June 8, 2017
Diabetes mellitus (DM) occurs at an increased frequency in people with HIV infection and may develop at earlier stages than it does in the general population.
As antiretroviral therapy (ART) enables people with HIV to live longer, there has remained some controversy about whether or not the risk of diabetes is increased in HIV infection.1
Alfonso Hernandez-Romieu and colleagues at Emory University, Atlanta, Georgia, compared the frequency of diabetes mellitus in two large nationally representative health surveys, one for people with HIV and the other for the general population. They then examined the relationships between DM and other factors within and between these two groups.2
The Medical Monitoring Project contains data on 8,610 HIV-positive people collected between 2009 and 2010. The National Health and Nutrition Examination Survey contains data on 5,604 adults in the general population. Logistic regression models were fitted to the data to determine the weighted prevalence of DM.
Using these models the researchers aimed to:
Data was collected on socio-economic variables: age, sex, race/ethnicity, education, poverty level, as well as clinical variables: body mass index (BMI), time since HIV diagnosis, CD4 count, viral load, use of ART and HCV infection. The analysis did not include pregnant women and was restricted to adults over 20 years old and participants diagnosed with DM, defined as:
The weighted prevalence of DM was calculated for HIV-positive people and for each of the additional socio-economic and clinical factors. Multivariate logistic regression models were used to determine the relationships between DM and these additional factors.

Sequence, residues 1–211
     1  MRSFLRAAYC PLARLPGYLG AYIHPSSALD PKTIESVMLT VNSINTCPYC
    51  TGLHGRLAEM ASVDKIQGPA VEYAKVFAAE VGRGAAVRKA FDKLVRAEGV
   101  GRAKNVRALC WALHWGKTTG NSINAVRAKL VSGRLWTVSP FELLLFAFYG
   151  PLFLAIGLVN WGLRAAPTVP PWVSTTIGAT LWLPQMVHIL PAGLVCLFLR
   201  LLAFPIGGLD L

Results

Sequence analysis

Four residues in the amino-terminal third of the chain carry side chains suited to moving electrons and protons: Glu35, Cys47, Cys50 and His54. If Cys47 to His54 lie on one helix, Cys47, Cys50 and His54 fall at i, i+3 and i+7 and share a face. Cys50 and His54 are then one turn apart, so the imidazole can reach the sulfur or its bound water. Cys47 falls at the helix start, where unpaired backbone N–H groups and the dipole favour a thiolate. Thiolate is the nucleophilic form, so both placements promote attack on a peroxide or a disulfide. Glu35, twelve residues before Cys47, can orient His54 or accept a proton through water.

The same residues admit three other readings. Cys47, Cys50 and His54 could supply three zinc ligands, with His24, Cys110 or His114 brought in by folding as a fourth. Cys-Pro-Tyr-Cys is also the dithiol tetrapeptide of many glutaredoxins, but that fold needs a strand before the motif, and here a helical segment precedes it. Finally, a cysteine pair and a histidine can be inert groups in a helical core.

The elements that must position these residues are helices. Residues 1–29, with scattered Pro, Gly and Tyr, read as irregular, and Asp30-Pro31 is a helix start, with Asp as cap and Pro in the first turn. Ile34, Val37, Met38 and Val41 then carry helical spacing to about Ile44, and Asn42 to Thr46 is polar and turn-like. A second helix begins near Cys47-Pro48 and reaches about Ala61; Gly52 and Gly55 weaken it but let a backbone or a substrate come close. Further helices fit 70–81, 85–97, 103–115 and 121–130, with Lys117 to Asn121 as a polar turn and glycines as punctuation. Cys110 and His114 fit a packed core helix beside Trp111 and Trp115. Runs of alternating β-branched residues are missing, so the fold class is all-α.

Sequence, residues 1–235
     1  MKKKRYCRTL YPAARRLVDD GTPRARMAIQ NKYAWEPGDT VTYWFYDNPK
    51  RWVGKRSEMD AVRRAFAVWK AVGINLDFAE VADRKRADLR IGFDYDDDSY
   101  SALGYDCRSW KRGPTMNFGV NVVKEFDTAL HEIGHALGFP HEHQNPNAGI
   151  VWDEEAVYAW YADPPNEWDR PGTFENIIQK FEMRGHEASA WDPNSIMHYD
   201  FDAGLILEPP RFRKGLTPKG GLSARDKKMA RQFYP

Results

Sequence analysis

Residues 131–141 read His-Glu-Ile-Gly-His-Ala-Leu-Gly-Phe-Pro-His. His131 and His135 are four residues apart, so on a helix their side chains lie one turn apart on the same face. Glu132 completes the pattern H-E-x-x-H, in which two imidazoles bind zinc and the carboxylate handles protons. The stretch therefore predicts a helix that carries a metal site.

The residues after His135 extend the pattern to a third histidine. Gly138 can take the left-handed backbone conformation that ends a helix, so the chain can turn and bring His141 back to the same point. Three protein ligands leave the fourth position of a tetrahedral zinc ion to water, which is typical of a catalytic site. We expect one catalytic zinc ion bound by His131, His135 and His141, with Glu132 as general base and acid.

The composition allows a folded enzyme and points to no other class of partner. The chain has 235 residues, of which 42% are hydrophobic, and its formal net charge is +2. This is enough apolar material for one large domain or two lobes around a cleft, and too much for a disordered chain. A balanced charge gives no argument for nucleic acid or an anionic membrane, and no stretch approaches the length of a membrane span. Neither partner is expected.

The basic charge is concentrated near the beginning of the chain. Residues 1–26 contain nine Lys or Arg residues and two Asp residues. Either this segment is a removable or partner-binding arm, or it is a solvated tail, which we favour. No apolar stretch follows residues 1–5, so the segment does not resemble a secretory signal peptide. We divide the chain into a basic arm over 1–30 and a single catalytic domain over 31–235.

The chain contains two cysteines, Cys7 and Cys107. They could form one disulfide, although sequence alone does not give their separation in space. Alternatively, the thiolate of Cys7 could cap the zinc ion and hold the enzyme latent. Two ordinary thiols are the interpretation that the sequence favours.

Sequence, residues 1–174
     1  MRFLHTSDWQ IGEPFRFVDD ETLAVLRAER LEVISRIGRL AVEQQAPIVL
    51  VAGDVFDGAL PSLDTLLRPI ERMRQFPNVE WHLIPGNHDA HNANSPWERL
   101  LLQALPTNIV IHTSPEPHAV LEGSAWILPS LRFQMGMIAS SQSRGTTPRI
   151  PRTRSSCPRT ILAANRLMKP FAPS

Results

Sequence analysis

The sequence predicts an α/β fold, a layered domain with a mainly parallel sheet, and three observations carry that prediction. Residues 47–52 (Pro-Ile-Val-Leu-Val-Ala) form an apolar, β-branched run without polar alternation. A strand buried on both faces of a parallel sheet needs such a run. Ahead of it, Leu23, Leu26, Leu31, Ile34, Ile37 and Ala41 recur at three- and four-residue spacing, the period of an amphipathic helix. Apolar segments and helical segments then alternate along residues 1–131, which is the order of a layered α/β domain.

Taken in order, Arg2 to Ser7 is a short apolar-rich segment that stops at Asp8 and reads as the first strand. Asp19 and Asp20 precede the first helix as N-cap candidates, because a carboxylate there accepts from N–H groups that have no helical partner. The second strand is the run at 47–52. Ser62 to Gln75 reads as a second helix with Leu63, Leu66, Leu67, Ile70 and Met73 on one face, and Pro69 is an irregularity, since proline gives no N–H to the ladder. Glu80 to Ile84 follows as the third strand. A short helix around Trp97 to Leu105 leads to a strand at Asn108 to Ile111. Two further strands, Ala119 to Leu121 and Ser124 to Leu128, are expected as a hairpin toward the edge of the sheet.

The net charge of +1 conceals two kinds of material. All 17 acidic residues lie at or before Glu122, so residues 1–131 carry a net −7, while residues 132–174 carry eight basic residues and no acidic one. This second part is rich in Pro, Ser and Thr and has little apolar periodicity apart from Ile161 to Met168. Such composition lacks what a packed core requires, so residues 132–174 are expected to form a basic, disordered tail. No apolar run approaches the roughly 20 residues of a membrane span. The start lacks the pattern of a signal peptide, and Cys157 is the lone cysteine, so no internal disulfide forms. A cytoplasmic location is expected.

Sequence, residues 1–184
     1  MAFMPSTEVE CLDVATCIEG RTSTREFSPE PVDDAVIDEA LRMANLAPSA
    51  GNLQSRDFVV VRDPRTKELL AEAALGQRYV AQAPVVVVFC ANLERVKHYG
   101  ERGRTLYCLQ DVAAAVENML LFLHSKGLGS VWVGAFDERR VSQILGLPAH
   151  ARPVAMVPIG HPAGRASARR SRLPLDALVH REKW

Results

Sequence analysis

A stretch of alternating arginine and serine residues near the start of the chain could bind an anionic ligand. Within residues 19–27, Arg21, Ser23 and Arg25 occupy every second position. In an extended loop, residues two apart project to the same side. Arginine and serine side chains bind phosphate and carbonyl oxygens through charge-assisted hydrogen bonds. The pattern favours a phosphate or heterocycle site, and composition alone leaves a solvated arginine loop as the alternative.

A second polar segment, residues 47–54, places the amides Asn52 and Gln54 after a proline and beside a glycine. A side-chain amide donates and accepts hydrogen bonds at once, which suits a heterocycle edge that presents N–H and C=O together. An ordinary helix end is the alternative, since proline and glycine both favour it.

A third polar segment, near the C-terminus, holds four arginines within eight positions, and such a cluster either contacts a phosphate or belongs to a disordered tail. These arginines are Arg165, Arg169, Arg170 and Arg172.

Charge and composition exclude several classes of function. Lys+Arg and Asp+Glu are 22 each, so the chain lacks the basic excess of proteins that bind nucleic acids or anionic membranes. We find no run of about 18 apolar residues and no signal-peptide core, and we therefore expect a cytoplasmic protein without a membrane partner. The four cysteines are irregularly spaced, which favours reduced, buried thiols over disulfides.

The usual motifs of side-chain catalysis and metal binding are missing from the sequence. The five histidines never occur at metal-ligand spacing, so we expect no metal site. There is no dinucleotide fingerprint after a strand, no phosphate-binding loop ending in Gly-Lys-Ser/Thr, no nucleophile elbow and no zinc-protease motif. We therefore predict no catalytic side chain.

The unadjusted frequency of DM in HIV-positive people was 10.3% (CI 9.1-11.5%). This is higher than the US general population in which the frequency of DM was 8.3% (CI 7.2% - 9.4%). Among the HIV-positive participants with DM, 3.9% (CI 2.9% - 5.2%) had type-1 diabetes, 52.3% (CI 46.7% - 57.8%) had type-2 diabetes and 43.9% (CI 38.1% - 49.8%) had unspecified diabetes.
Following an adjustment of the data for differences in the socio-economic variables, obesity and HCV infection, the adjusted prevalence difference in DM between HIV-positive people and the general population was 3.8%. The largest difference in the frequency of DM in HIV-positive people compared to the general population was in those with HCV infection (6.3%), those with high school or equivalent education (5.1%), women (5%), non-Hispanic whites (4.9%), those at or below the poverty line (4.6%), those with obesity (4.4%), and those aged 20-44 years (4.1%).
For people with HIV, the increase in adjusted prevalence of DM was lowest (6.7%) in younger people aged 20-44 years, whereas it was highest for those aged over 60 years (19.6%) and for those with obesity (18.9%). In HIV-positive people without obesity the adjusted prevalence of DM was still increased at 7.9%. In addition, time since HIV diagnosis and geometric mean CD4 count were independently associated with DM in people with HIV. Interestingly, nadir CD4 count was not associated with increased prevalence of DM, in contrast to other studies.3
In conclusion, in this nationally representative US sample of HIV-positive people, the frequency of diabetes was higher than the general population, and was independently associated with increasing age, obesity, longer time since HIV infection and CD4 count. After adjusting for other factors DM was 3.8% higher than in the general population. The data in this study suggests that HIV-positive adults are at a higher risk of diabetes at a younger age and in the absence of obesity.
The researchers suggested that their results have important implications for care providers:
There might be some different factors for US compared to European studies, but the conclusion to increase awareness of risk and to follow diabetes guidelines is important in all countries
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